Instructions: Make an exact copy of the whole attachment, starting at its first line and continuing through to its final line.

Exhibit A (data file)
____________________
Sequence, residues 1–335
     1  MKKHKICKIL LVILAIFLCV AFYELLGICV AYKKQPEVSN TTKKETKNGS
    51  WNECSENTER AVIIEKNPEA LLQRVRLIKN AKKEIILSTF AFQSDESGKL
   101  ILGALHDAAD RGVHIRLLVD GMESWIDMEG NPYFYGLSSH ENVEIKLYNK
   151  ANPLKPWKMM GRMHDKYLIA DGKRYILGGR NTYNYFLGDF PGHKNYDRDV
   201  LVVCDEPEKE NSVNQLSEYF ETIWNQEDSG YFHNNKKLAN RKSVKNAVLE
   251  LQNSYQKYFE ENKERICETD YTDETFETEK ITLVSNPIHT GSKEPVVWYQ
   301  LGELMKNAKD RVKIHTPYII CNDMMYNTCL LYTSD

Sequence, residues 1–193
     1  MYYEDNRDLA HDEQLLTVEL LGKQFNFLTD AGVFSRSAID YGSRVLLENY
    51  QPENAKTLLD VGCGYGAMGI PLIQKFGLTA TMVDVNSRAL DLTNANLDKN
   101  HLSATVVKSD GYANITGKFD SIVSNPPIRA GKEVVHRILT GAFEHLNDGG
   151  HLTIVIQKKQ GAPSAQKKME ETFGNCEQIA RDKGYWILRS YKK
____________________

Sequence, residues 1–335
     1  MKKHKICKIL LVILAIFLCV AFYELLGICV AYKKQPEVSN TTKKETKNGS
    51  WNECSENTER AVIIEKNPEA LLQRVRLIKN AKKEIILSTF AFQSDESGKL
   101  ILGALHDAAD RGVHIRLLVD GMESWIDMEG NPYFYGLSSH ENVEIKLYNK
   151  ANPLKPWKMM GRMHDKYLIA DGKRYILGGR NTYNYFLGDF PGHKNYDRDV
   201  LVVCDEPEKE NSVNQLSEYF ETIWNQEDSG YFHNNKKLAN RKSVKNAVLE
   251  LQNSYQKYFE ENKERICETD YTDETFETEK ITLVSNPIHT GSKEPVVWYQ
   301  LGELMKNAKD RVKIHTPYII CNDMMYNTCL LYTSD

Sequence, residues 1–193
     1  MYYEDNRDLA HDEQLLTVEL LGKQFNFLTD AGVFSRSAID YGSRVLLENY
    51  QPENAKTLLD VGCGYGAMGI PLIQKFGLTA TMVDVNSRAL DLTNANLDKN
   101  HLSATVVKSD GYANITGKFD SIVSNPPIRA GKEVVHRILT GAFEHLNDGG
   151  HLTIVIQKKQ GAPSAQKKME ETFGNCEQIA RDKGYWILRS YKK